Scientists say humans may need to take some carbon dioxide out of the atmosphere to stop global warming
The average level of carbon dioxide in the atmosphere across the globe passed 400 parts per million (ppm) last year, a symbolic and worrying milestone in growth of manmade climate change, the World Meteorological Organization (WMO) confirmed Monday.
The carbon dioxide concentration is unlikely to dip below the 400 ppm mark for at least several decades, even with aggressive efforts to reduce global carbon emissions, according to the WMO report, which confirms similar findings reported last month. Carbon dioxide can last in the atmosphere for thousands of years without efforts to remove it.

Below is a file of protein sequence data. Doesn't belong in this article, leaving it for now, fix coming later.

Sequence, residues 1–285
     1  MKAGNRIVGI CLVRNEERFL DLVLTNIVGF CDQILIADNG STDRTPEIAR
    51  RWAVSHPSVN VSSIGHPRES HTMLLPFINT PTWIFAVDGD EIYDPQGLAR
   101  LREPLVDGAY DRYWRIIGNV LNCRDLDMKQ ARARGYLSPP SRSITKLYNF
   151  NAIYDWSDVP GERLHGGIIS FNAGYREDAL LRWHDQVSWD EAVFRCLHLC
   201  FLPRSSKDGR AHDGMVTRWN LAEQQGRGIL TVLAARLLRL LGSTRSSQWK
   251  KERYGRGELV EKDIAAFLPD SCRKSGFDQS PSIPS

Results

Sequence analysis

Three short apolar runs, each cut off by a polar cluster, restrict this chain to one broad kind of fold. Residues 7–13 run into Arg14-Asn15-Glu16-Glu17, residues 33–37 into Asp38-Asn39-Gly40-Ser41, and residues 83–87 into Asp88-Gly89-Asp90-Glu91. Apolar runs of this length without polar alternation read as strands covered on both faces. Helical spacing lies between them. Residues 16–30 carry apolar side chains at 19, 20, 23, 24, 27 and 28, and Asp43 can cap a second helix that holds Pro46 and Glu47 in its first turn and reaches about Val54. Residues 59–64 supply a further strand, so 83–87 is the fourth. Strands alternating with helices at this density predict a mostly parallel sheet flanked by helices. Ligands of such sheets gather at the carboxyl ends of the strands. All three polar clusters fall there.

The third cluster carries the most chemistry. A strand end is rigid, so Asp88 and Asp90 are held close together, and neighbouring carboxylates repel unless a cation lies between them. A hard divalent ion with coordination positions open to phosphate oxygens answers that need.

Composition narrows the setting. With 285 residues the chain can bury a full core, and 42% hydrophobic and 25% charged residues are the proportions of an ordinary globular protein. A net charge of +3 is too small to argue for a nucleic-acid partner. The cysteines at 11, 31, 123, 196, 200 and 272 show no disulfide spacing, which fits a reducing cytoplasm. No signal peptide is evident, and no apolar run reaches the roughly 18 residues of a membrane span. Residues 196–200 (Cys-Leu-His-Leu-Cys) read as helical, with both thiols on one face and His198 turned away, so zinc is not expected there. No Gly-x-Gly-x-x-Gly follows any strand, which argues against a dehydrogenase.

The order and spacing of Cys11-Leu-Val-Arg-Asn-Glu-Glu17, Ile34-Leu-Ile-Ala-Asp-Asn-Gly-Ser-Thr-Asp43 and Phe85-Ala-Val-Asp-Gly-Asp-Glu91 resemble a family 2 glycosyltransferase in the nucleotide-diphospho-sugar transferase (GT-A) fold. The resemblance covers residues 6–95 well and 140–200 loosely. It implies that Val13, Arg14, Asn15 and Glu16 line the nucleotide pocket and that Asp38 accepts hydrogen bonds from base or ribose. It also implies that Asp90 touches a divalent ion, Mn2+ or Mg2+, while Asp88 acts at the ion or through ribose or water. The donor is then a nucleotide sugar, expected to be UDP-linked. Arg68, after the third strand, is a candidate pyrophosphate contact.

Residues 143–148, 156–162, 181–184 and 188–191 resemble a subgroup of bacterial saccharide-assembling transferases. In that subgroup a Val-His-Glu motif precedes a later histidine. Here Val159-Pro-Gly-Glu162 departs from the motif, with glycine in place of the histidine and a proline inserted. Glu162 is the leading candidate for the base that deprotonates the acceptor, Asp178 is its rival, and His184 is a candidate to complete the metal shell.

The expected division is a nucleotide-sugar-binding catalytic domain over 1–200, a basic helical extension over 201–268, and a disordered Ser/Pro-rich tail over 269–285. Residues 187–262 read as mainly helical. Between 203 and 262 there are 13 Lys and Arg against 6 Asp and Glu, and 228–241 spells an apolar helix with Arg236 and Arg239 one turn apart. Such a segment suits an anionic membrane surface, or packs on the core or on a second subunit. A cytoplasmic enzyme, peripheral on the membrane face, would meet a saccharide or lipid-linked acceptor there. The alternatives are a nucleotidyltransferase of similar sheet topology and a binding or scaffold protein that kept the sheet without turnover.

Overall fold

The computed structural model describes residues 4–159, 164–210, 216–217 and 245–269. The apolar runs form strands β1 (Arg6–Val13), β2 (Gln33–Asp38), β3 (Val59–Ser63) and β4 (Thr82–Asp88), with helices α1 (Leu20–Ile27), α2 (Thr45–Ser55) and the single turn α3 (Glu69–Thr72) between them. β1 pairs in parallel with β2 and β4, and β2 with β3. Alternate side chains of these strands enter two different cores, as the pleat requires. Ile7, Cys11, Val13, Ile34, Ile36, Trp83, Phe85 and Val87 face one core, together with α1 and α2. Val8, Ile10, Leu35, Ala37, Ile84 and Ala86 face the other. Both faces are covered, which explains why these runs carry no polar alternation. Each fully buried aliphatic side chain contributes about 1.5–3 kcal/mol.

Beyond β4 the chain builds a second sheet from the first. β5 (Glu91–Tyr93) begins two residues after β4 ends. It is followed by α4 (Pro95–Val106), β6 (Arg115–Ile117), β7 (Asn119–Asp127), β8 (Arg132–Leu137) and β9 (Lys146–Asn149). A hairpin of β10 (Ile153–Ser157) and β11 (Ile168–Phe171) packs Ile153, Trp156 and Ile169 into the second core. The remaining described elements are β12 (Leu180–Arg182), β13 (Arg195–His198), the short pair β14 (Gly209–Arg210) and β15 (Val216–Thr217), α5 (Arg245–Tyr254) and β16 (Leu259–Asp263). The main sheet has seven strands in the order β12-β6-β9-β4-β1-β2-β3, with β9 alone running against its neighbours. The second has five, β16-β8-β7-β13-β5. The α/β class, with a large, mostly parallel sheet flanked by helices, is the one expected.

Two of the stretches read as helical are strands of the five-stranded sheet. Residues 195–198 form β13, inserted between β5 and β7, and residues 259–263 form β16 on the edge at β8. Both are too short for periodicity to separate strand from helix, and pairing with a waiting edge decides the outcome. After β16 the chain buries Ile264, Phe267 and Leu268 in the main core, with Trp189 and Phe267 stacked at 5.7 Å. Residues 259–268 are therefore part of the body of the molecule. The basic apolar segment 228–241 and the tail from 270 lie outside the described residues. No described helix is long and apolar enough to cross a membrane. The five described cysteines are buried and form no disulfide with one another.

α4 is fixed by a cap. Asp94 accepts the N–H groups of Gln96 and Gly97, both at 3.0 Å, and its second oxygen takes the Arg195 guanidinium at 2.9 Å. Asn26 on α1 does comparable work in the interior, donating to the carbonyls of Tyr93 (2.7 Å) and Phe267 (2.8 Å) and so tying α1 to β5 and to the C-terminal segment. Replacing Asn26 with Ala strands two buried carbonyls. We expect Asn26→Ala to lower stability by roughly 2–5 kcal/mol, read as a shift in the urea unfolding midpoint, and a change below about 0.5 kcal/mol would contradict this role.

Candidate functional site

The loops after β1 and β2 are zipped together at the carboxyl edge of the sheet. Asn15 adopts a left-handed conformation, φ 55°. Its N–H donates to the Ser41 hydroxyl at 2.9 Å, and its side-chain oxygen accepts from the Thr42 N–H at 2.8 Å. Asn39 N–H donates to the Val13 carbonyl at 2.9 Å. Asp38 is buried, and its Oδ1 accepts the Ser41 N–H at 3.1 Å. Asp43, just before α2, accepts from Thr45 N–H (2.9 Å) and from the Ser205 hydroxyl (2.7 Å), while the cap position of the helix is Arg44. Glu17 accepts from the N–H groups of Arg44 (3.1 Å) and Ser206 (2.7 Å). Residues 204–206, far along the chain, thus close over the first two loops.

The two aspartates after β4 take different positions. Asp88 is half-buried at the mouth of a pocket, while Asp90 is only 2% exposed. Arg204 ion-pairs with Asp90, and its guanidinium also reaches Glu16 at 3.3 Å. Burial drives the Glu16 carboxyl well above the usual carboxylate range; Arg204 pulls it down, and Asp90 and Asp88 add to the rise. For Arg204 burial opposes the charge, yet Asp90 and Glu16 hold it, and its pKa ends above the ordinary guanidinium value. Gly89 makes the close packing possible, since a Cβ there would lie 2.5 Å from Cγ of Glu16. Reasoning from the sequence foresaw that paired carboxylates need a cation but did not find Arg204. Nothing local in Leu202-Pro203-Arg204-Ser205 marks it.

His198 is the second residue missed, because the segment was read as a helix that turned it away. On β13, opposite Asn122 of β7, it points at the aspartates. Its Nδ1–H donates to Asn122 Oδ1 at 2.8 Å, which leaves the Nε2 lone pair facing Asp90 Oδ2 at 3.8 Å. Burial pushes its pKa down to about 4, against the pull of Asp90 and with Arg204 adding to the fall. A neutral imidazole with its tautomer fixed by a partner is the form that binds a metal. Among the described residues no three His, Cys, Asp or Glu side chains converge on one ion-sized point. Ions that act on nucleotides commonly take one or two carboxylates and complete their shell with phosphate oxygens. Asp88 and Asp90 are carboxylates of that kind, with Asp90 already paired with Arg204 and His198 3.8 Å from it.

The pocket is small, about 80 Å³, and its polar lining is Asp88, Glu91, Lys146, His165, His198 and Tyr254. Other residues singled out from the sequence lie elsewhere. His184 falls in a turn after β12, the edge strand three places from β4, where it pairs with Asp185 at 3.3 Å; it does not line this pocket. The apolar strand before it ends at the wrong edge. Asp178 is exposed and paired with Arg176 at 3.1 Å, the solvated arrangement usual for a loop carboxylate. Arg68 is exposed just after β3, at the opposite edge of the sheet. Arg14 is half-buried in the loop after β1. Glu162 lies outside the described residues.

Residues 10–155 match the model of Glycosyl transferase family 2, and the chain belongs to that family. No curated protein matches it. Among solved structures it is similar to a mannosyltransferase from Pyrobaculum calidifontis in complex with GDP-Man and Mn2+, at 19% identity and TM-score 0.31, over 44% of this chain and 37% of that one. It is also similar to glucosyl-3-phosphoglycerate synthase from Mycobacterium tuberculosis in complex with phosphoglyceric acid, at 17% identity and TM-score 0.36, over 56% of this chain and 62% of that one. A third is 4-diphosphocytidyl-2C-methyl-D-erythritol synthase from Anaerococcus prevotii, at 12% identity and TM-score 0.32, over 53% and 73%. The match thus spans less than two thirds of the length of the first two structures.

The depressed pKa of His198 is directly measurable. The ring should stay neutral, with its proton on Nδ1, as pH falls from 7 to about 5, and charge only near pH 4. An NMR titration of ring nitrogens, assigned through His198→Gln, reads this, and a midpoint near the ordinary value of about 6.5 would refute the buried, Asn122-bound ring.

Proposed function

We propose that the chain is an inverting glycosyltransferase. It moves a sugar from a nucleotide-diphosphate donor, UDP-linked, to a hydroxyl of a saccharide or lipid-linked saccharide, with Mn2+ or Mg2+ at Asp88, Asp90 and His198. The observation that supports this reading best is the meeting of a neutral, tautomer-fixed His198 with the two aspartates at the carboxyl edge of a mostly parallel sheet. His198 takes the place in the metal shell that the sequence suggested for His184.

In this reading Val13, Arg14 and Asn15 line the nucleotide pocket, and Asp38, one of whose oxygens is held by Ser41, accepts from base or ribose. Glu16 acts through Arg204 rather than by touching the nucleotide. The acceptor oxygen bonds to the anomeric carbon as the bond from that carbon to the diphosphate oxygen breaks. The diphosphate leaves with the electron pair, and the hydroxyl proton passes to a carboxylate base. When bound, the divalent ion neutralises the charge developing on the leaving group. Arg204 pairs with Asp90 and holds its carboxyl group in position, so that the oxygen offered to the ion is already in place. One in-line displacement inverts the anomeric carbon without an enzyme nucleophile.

The finding comes as the globe continues to experience record a series of temperature records. Eleven of the last 12 months have been the hottest on record and 2016 is widely expected to be the hottest year ever recorded. At the same time, governments from around the globe have made significant progress on the issue in the last several months—from quick ratification of the Paris Agreement to passage of new deals on aviation and HFC emissions.
Source: Justin Worland, Time